My Name is Claudine…I was born in Montigny in 1884…I shalll probably not die there..
These are the haunting opening lines of Claudine written by Sidonie-Gabrielle Colette. Colette, a French mime, actress and journalist was nominated for the Nobel Prize in Literature in 1948 is played to perfection by period piece Queen – Keira Knightley. Colette is a coming of age story of sorts about a young woman who finds her voice through ghost writing her autobiographical tales as a young girl for her husband (Willy – who is 15 years her senior)- only to have him take credit and sell her work. Dominic West is wickedly devilish as Willy, Colette’s over-sexed, blow-hard husband, whose jealousy and control issues ultimately doomed their marriage and friendship for eternity.
The costumes are beautiful and the score is the perfect complement to a screenplay that gives us such witty dialogue as”pot-bellied stove,’ as well as this analogy of bad theatre by Willy “…if a painting is too garish, you can close your eyes. But, bad theatre is like sitting in the dentist’s chair having your skull drilled until the entire grizzly procedure is over.” Pure comedy.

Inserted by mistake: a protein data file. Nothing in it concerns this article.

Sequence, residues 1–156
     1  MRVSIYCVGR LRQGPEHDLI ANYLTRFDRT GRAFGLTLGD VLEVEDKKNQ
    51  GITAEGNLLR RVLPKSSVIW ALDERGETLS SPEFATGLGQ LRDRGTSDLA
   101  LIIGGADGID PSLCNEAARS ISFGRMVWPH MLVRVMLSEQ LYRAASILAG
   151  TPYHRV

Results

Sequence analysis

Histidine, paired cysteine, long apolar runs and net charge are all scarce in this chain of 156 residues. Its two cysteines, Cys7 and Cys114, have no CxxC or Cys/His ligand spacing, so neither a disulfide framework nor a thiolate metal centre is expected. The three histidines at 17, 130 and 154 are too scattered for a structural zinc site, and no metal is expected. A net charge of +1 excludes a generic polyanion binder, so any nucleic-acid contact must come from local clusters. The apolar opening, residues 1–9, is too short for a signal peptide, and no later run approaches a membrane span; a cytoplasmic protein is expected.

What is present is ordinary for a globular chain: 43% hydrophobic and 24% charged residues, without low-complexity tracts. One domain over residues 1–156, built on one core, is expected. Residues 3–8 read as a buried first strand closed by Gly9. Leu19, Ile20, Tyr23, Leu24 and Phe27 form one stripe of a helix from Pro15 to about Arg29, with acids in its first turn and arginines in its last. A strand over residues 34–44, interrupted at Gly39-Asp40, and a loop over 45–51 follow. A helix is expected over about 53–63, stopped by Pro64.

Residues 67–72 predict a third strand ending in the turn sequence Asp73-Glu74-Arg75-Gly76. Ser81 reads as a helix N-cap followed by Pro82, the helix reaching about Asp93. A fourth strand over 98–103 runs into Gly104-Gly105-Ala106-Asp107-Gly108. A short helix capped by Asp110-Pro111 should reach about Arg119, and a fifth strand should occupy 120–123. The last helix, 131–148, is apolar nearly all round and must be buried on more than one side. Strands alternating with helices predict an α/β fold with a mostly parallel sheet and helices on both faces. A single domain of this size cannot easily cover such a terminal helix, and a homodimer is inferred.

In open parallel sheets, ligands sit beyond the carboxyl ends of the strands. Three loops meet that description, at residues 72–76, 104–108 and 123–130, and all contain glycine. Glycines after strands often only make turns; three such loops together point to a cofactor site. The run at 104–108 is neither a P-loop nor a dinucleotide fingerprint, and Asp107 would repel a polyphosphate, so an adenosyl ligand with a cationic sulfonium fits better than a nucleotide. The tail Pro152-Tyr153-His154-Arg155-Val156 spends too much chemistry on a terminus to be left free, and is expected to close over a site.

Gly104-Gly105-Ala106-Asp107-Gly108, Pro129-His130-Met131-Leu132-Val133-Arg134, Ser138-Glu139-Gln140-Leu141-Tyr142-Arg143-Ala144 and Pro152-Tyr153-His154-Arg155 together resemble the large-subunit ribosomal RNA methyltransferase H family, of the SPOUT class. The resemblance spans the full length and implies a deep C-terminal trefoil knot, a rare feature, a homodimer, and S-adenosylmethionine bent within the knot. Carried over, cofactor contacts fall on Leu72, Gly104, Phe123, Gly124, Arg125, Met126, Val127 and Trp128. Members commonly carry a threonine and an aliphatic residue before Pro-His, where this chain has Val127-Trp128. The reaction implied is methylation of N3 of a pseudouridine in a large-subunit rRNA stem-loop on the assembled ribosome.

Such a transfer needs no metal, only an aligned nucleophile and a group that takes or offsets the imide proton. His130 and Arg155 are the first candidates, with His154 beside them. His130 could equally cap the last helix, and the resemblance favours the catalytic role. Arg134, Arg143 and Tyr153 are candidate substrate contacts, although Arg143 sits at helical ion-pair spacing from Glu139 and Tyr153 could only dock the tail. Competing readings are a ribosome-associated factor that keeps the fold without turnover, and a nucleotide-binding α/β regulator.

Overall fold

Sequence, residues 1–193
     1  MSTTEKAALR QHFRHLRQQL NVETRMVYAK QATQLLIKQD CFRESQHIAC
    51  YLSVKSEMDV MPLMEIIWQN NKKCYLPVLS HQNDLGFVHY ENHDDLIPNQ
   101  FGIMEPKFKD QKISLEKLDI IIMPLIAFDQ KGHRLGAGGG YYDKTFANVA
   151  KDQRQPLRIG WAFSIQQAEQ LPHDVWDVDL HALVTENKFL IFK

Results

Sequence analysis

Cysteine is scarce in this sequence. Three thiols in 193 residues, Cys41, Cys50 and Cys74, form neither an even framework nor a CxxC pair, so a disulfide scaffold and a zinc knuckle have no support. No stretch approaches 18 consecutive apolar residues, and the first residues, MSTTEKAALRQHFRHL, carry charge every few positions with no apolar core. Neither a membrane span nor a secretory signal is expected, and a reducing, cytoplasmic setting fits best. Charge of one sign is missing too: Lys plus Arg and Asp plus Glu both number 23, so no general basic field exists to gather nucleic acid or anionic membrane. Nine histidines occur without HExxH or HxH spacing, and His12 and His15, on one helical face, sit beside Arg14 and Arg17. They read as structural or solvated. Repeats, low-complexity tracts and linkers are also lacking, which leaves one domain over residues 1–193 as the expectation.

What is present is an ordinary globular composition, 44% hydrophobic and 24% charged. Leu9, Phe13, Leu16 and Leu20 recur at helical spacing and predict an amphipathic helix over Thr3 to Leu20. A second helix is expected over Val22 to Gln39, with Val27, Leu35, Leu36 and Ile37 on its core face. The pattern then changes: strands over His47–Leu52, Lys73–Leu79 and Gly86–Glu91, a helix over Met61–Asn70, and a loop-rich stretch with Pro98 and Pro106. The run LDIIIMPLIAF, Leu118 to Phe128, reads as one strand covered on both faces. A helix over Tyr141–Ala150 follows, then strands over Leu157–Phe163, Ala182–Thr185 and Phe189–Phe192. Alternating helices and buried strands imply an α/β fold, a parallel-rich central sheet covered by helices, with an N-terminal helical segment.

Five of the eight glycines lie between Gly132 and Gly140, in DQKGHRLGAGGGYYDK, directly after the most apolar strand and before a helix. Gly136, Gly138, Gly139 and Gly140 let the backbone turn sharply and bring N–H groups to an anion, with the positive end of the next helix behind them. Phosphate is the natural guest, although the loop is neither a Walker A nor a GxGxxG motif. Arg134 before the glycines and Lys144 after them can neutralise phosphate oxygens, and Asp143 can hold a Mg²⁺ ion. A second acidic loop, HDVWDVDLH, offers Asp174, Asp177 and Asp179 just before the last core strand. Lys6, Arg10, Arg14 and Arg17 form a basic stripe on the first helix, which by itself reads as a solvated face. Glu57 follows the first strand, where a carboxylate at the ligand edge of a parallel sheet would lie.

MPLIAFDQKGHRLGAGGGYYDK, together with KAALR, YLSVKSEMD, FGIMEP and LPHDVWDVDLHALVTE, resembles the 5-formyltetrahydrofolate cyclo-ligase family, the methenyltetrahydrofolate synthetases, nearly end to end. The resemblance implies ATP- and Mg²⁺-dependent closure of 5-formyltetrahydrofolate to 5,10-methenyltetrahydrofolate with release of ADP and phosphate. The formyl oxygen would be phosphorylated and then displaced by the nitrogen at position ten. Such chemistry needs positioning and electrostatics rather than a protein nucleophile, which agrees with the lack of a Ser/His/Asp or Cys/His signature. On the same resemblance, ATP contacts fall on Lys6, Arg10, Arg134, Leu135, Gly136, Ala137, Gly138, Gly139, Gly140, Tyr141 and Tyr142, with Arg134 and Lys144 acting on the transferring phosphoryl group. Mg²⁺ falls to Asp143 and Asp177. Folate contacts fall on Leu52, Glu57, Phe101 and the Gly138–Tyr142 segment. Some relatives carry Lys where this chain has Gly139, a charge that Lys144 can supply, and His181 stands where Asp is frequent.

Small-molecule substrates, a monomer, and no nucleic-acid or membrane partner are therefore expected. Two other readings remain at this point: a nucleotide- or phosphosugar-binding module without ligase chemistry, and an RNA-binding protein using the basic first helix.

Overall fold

To my surprise, Colette wrote “Gigi” in 1944 which became a classical Oscar-winning film of the same name starring Leslie Caron and Louis Jordan. Colette also published over 30 novels and short stories.
Bleecker Street films was gracious enough to invite me to the red carpet for this event and here are some highlights of that evening.